Now I understand they are essentially teenage children attempting to understand why hair is growing in strange places, but given the acting talent of the leads, the film should have relied more on showing and not saying. And yet, there are moments here that are potentially fascinating. I'm not going to spoil the ending, but it's interestingly dark for a film like this. Also, the entire concept is a good one. But it should have been layered with more problems of understanding their world and growing beyond sex and babies and civilization. The sexuality would have been the easiest thing to figure out.
So it is with dismay that this film, which was not well received, would spawn a sequel—and a sequel 11 years later. Return to the Blue Lagoon has even worse intentions than the first movie (and I don't really think The Blue Lagoon had entirely prurient interests, even if underage Pretty Baby star Shields was the hot ticket at the time).
Return, directed by William A Graham, stars two similarly tanned beautiful kids (Milla Jovovich and Brian Krause) who also are left to reside alone on an island. But get this, the young boy is actually the son of the original Lagoon couple and after a ship is poisoned with the plague he, another young female child and her mother must row out to a remote island to escape infection. Here's the convenient part—it's the same island as The Blue Lagoon (hence, "Return") and they find the same hut.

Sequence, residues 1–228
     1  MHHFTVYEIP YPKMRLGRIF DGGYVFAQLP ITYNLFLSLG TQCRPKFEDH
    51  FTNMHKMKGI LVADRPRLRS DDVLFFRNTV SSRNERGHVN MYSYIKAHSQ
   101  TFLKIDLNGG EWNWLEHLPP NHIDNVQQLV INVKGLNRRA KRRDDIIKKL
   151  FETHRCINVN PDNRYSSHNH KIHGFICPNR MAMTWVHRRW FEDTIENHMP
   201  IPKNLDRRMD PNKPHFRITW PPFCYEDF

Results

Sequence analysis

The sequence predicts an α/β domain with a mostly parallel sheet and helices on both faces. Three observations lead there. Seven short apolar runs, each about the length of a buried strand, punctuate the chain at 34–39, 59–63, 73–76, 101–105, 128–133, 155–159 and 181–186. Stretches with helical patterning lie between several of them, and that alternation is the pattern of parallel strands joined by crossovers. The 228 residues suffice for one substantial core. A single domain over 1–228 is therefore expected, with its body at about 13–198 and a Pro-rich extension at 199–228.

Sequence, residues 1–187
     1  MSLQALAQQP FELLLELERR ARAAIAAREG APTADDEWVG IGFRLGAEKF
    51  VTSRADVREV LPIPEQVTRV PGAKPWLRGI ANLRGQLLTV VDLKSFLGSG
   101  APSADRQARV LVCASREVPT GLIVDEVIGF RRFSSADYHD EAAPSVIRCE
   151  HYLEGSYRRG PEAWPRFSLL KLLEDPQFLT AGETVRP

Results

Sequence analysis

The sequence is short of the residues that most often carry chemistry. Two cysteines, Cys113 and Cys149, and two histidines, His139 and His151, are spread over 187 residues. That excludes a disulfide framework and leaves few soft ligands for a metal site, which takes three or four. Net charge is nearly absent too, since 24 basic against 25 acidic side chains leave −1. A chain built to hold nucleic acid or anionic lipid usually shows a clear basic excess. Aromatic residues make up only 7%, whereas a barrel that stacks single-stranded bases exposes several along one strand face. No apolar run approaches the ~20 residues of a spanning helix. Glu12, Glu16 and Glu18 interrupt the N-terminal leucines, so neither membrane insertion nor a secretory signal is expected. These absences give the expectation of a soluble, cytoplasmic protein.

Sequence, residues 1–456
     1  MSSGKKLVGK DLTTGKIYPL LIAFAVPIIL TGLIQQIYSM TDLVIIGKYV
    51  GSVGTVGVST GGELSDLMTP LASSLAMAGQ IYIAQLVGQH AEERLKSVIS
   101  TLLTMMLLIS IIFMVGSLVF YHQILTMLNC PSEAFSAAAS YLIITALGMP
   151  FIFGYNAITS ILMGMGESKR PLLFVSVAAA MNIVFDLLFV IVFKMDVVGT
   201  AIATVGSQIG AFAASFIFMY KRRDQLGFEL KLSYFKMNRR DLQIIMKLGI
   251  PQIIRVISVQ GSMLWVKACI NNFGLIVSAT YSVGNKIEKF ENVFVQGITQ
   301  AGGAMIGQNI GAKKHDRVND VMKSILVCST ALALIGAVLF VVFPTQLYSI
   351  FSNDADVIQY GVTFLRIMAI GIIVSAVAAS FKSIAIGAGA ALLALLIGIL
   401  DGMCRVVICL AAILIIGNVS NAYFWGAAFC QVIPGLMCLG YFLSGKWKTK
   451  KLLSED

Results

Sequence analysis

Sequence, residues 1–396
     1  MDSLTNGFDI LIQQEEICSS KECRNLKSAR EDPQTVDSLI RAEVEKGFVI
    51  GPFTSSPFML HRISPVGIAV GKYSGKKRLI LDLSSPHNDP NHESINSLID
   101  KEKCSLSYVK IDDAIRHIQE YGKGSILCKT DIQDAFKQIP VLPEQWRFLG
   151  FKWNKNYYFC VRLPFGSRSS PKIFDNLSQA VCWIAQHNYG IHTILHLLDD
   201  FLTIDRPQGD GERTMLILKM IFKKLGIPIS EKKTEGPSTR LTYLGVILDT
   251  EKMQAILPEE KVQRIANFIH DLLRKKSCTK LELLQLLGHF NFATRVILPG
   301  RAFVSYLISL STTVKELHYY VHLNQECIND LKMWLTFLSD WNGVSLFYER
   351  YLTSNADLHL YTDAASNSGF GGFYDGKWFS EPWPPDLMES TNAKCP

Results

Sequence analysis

The woman tending the kids is much more refined than the pirate of the original film, so they learn more about the world. They also make things like silverware out of shells. But she dies, leaves them alone and again, they will have to understand their oncoming adulthood all by their lonesome. We even get another menstrual period scene only, Milla doesn't have the advantage of bleeding in the water, she wakes up to a soiled loincloth.
The bigger difference in Return is when a boat finds the island and a group lives with the couple, intending to send them off to San Francisco. Milla gets a female rival in a pretty Victorian girl who's got the hots for the man she "mates" with (yes, yes, they've already gotten down to doing it—though this film is PG-13). And one of the crew has the hots for Milla, if only for stealing her "beads" (which are in fact, pearls) and desiring to rape her.